Take Action for Lawn Weed Control

The two most annoying lawn weeds for many people are crabgrass and dandelion. However, close runner-ups would be chickweed, plantain, and nutsedge. You may discover others in your lawn. Any that have been a severe problem in the past, are likely to be a problem again if nothing is done. If any action is to be taken against them this season, it should be done promptly.

For the control of crabgrass or other annual grasses, preemergence herbicides are the most effective. They must be applied just before germination time since they are ineffective after the seedlings have appeared above the soil and developed green leaves. Since weather conditions vary with each season, one of the best ways to time an application is with the flowering of the bright yellow shrub known as forsythia. By the time the bush completes flowering, crabgrass begins germinating. Preemergence herbicides are often included in lawn fertilizers, so a single application will serve to prevent crabgrass as well as fertilize the lawn.

Some of the preemergence materials that are often used, either alone or in combination with other materials, are DCPA (Dacthal), siduron (Tupersan) and Bensulide (Betasan, Weedgrass Preventer or other tradenames). You will find many other possibilities in products. A more recent material that has been introduced for preemergence weed control in lawns is a byproduct of the corn wet-milling industry. This corn product is said to give from 60 to 90 percent control of many lawn weeds when spread over the lawn.

The effectiveness and duration of these preemergence herbicides is somewhat dependent on the weather. Extended rainy periods often reduce their effectiveness by reducing their active periods. In some cases heavy rains can splash the soil enough to also reduce effectiveness. Therefore, a second application may be necessary after extremely wet springs. If not done, a later germination of seeds may result in weeds even though earlier germinating seeds were killed.

Since most chickweed has already germinated and is growing vigorously, another approach to its control is necessary. A preemergence material must be used in the fall to reduce its development. At this time if any control is given, a post emergence material safe for lawn use should be selected. Here again, there are many products available. As the season progresses, chickweed becomes more and more difficult to kill. Post emergence materials with combinations of several herbicides are most effective. Some of the combinations you may find will contain MCPP + 2,4-D + dicamba or others. Although chickweed will be primarily in sunny areas, do not use any product containing dicamba within the dripline of trees or shrubs.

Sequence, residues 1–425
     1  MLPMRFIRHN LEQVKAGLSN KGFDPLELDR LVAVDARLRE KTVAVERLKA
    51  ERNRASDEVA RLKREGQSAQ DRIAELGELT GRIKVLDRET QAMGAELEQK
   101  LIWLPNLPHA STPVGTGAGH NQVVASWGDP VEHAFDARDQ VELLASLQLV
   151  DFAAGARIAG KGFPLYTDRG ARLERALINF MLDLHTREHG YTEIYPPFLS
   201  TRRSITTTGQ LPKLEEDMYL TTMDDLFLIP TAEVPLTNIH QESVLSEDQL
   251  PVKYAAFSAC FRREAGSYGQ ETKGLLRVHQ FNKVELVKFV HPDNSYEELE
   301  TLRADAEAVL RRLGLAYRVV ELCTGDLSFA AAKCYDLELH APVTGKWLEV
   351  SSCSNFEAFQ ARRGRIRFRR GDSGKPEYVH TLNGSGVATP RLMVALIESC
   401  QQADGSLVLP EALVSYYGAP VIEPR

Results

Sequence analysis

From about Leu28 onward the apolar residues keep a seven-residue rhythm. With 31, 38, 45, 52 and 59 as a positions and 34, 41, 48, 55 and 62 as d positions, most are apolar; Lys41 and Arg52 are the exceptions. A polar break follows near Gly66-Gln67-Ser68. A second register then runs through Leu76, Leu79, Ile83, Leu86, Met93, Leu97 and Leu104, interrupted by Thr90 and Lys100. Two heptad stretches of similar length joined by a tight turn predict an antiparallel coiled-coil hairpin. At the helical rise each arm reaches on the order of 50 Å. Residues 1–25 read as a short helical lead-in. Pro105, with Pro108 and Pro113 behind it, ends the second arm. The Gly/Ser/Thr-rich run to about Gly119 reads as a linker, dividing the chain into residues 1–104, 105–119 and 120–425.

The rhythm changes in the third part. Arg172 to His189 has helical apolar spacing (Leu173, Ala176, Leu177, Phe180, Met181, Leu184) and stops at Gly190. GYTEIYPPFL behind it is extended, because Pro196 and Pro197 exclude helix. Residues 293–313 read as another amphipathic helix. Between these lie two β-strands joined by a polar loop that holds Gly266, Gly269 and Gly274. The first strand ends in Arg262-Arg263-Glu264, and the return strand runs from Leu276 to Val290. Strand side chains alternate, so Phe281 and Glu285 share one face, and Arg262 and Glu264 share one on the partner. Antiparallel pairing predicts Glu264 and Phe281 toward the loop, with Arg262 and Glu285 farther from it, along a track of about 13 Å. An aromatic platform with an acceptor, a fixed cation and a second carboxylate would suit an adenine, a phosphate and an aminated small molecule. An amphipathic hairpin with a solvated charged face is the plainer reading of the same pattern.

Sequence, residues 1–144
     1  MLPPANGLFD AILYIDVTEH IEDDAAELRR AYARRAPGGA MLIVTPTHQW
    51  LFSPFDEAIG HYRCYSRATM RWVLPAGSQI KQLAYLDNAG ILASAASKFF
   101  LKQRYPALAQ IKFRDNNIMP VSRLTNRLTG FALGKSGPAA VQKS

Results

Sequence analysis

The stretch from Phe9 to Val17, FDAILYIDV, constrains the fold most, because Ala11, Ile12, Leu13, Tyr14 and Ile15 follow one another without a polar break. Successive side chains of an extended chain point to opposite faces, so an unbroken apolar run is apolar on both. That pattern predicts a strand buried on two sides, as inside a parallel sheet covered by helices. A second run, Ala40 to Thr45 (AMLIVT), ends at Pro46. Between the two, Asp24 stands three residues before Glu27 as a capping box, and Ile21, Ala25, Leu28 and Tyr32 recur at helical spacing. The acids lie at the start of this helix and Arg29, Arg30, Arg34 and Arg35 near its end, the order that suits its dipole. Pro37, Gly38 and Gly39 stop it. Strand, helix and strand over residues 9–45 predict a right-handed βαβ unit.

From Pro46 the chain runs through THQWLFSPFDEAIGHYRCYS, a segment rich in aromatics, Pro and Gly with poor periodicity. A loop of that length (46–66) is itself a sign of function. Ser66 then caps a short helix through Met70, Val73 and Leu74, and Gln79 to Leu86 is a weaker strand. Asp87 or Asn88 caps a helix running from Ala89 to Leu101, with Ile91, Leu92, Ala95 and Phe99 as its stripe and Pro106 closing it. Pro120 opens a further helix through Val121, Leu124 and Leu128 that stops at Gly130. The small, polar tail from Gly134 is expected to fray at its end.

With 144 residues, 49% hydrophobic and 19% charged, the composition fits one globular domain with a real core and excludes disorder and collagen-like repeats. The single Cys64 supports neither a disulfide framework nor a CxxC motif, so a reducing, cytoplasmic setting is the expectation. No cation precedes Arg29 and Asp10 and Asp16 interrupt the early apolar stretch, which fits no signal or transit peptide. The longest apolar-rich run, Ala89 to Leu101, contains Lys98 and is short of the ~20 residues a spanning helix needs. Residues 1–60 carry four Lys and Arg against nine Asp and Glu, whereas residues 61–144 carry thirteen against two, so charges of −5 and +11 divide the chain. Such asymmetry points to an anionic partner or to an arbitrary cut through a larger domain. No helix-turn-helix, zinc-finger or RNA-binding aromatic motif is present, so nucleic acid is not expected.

Dandelion and plantain are two of the most persistent lawn pests. They should be treated with herbicides only when they are growing most rapidly. This is normally in spring and in fall in our climate. 2,4-D is the most common herbicide used for their control although there are many others. When using 2,4-D in spring, be very careful of grapes, tomatoes and many other ornamental and vegetable plants that are very sensitive to it. A newer product for control of these pests, as well as clover, black medic and some other problem weeds, is a combination of Triclopyr + clopyralid (Confront).

Another difficult lawn pest is nutgrass. It does not appear as early as others, but in late spring this sedge rapidly produces grass-like tufts that grow faster than the lawn grasses. It requires post emergence treatment, and since not all the nutlets that exist in the soil may grow in a single season, it may take several years of late spring and summer treatment to eliminate it. One of the materials for its control is bentazon (Basagran or Lescogran). Other post emergence materials are also available in combination such as MCPA + MCPP + dichloroprop.

In areas where other plants or grasses are not growing, non-selective herbicides may be used for hard-to-kill weeds. Spot treatments or edging of beds with a material such as glyphosate (Roundup) are becoming more common. It is a method for killing such grasses as tall fescue, quackgrass or common bermudagrass. In some cases there is no easy control for perennial weeds and the only solution is to dig them out by hand.